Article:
Creating an Artist: What Can We Learn From Europe?


By Andrew Carroll

It has often been remarked that “Europe breeds artistry,” and that, to a certain extent, European dancers have an edge compared to their American counterparts. Looking at the history, culture, and government systems of funding in much of Western Europe, one does not need to be of Einstein-ian intellect to understand these statements. In defense of the American dancers, it is noted that they possess grit, tenacity, and a hunger that exceeds that of some of their European equivalents, yet the elusive artistic core lags or appears untapped in our culture. Certainly the environment of Europe provides a cultural banquet to nourish artistic growth, but does the European approach to training dancers incorporate more diversity, which in turn can contribute to greater creative growth? If so, can American dance schools fashion strategies based on this assumption? More specifically, to create an artist, what lessons can we learn from Europe?

As one may attest, European culture historically provides abundant settings and opportunities to partake in artistic experiences. As most European countries developed through royal courts and their lavish ambiance, the arts flourished as weapons to illustrate the opulence of individual kingdoms. Truly, before our modern-day icons of wealth and power – expensive cars, technology, and other indicators of wealth – the arts provided proof of wealth and status. As such, kingdoms encouraged the growth and necessity of the arts as symbols of aristocracy, which, in turn, engrained an appreciation for arts even in the masses as music, dance, theater, and art trickled down and became established as cultural legacies. In addition, royal courts spent lavish amounts of money and set precedents for subsequently elected and constitutional governments to support the continuity of this way of life for future generations of Europeans. Just walking many city streets of Europe provides enriching cultural experiences: the monuments, museums, historic architecture, and works of art can stimulate and deepen aesthetic knowledge. Indeed, strolling the streets of Paris, London, and other major capitals bequeaths abundant examples of art and the marvels of creativity. This is the legacy of many European monarchies and their respective cities that grew up with this tradition. This heritage includes, of course, the launching of national schools to train artists, which still bear artistic testament today. The national dance schools that blossomed still feature established curriculums that train dance artists via multiple approaches.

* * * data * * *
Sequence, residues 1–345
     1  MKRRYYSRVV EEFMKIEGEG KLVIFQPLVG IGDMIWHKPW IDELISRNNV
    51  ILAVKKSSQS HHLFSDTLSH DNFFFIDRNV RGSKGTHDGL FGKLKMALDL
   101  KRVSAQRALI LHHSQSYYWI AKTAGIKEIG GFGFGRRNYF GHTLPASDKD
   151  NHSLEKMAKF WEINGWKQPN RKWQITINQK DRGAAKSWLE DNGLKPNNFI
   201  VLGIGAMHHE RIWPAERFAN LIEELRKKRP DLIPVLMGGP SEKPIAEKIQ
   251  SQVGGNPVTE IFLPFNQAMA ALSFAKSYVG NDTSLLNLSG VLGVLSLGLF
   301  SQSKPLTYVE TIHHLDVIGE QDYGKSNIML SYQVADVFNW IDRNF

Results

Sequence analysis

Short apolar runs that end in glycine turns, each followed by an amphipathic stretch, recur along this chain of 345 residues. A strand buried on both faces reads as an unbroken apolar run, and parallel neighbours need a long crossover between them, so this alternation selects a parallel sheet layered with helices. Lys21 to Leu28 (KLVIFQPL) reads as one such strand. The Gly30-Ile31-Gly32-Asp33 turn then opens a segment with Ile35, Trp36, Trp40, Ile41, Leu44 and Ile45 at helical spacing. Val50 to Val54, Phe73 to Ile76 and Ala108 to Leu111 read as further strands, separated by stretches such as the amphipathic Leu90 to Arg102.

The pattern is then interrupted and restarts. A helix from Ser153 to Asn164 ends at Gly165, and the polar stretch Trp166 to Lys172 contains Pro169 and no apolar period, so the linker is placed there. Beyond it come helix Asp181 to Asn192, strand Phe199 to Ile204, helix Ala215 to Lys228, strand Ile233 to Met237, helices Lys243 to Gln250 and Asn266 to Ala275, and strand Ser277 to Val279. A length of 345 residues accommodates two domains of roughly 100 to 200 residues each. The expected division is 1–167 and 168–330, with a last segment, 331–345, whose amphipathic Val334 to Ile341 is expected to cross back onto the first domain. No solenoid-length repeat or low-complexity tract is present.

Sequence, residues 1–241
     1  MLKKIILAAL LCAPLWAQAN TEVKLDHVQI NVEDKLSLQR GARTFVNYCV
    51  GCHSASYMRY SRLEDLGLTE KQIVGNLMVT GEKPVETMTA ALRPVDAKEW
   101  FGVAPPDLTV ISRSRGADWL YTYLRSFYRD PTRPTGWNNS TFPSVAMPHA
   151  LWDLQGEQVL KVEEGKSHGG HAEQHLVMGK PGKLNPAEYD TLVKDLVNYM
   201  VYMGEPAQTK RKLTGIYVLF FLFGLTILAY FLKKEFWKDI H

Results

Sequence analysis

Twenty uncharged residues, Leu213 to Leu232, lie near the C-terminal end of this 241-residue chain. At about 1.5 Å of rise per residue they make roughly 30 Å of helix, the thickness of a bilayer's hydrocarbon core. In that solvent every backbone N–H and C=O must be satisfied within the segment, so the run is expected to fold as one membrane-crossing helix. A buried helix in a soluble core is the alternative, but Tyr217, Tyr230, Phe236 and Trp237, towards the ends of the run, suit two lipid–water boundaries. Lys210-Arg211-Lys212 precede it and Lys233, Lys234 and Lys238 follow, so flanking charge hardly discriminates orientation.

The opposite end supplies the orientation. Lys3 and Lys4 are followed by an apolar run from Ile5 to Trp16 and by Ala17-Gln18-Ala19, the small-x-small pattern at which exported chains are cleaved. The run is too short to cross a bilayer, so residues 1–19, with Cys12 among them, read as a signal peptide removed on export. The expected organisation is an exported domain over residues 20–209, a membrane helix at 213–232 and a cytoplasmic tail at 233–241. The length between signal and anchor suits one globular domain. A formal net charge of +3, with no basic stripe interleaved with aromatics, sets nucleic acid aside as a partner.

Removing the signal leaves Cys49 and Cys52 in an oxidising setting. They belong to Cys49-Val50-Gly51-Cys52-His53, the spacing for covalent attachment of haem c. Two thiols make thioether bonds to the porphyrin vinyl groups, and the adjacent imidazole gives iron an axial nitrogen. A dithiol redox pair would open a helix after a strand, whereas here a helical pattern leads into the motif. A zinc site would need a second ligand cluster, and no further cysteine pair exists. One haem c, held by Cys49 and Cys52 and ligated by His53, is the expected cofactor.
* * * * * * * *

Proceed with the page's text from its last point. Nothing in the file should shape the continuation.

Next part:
Arguably, to a budding dancer, this is an opulent atmosphere in which to “feel cultural” and to become immersed in artistic pursuit. Surely, the environment supports growth and refinement and, more importantly, exposure. This exposure is the key to what, perhaps, is missing in American training, and can be seen as instrumental to the cultivation of more artistic depth. Often, this lack of artistic interpretation has led to statements that European dancers are “better artists.” Undoubtedly, the environment supports this. Yet, beyond this loaded and ripe European setting, which is conducive to artistic imagination, can European tradition and training methods assist other (often envious) environs to foster the creativity necessary for artistic growth?